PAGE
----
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Tuesday, 19 February 2008

Laterally Challenged

Did I say it was nearly sown up? Well, it looks like some of the stitches have begun to unpick, as an eight-point lead, which could in theory have increased to eleven, was reduced to a "mere" five points by Betis. And I say "mere" because the mindset that makes you have a winning or a losing attitude is a fragile thing. Just think back to Barcelona's slow but inexorable descent last season that gifted the league title to Real Madrid. There were twists and turns and a hundred times it could have gone the other way, but there was a palpable belief that Capello's men would eventually do it, like a tale with only one possible ending. And that belief wasn't reserved for the players from the capital, it permeated the opposition's thoughts as well.

One can only hope that the second away loss in a row is a temporary setback and that normal service can be resumed next week at home to Getafe. However, there is the small matter of a visit to the Olimpico in Rome as the Champions League enters the knock-out stages, bringing us football twice a week. Perhaps minds were more focused on that upcoming game than on Betis, and a certain amount of complacency following the 7-0 drubbing of Valladolid. Curiously, Real's last big away win (5-1 in Valencia) was followed by defeat in Sevilla, to the city's other Primera División side. In his excellent weekly column, Phil Ball argues that it is all a question of desire, and harks back to the age of Di Stefano, the first 'total' footballer, who was literally "hungry" for success. Di Stefano was honoured by the club and UEFA this weekend; that other elegant midfielder, Michel Platini, now UEFA president, awarded him the President's Award and called him "a great among greats").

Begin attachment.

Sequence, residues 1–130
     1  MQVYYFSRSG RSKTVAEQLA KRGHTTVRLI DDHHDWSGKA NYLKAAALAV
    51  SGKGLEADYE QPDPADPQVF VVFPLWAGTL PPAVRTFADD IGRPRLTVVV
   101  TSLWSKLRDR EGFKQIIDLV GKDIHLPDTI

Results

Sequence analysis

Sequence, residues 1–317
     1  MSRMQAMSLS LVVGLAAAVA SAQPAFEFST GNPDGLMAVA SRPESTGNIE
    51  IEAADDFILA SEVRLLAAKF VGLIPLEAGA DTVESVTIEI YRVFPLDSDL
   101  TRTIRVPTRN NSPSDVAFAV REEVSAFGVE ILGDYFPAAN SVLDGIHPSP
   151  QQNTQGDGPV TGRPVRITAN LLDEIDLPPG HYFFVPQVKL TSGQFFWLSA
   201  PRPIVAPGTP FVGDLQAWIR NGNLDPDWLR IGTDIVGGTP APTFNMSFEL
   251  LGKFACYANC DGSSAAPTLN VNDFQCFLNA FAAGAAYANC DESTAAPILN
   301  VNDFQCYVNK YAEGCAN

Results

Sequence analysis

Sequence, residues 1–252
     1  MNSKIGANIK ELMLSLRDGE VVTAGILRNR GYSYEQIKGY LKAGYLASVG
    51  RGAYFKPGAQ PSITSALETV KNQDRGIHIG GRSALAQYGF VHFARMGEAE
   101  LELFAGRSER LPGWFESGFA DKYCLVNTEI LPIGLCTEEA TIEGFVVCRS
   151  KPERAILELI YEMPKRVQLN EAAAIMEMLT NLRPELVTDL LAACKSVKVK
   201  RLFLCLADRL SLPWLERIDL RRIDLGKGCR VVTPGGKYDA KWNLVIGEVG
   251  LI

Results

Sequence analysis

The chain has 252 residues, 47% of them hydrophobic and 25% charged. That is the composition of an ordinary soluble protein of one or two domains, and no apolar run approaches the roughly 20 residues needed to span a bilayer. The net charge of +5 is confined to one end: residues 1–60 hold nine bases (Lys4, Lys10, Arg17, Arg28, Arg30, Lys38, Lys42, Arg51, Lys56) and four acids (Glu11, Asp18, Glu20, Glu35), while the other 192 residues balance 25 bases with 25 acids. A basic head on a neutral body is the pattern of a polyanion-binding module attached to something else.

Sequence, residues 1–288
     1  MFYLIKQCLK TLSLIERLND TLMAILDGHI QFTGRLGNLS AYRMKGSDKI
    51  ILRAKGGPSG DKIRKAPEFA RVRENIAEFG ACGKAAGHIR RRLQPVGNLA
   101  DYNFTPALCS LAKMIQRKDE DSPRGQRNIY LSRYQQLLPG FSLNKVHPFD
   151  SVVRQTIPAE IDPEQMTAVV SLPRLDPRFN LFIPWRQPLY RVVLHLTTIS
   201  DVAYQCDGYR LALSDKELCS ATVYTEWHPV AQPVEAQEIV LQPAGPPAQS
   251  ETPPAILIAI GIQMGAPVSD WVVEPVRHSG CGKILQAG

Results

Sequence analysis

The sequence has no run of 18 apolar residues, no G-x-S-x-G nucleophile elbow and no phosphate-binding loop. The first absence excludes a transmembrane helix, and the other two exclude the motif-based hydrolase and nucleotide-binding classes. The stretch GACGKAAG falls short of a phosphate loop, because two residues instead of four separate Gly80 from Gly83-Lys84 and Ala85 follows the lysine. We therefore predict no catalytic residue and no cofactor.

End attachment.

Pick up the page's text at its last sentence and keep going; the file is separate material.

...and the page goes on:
The game started promisingly, with Drenthe opening the scoring for the visitors inside 10 minutes. But, despite having most of the possession, it was the flanks that gave Betis a way through time and again to threaten Casillas' goal. I have argued several times that Michel Salgado is no longer good enough to play at this level and he and his inflated salary should be put out to pasture. Marcelo, while he looks dangerous going forward, has many deficiencies at the back and does not have the speed of Roberto Carlos to make up for it. Betis exploited the wings to perfection in both their goals. To be fair, Schuster has had injury worries in the centre of defence to deal with, which is why Sergio Ramos had to play alongside Cannavaro, but that merely illustrates that there is not enough strength in depth in certain positions, especially at left back. He has said he may have to risk Heinze in Rome, which says little for his confidence in Marcelo. Real clearly missed Robinho; in the mdifield, Baptista and Gago were poor and the team were not as effective up front as of late, with Van Nistelrooy hitting the post in their only clear goal chance in the second half.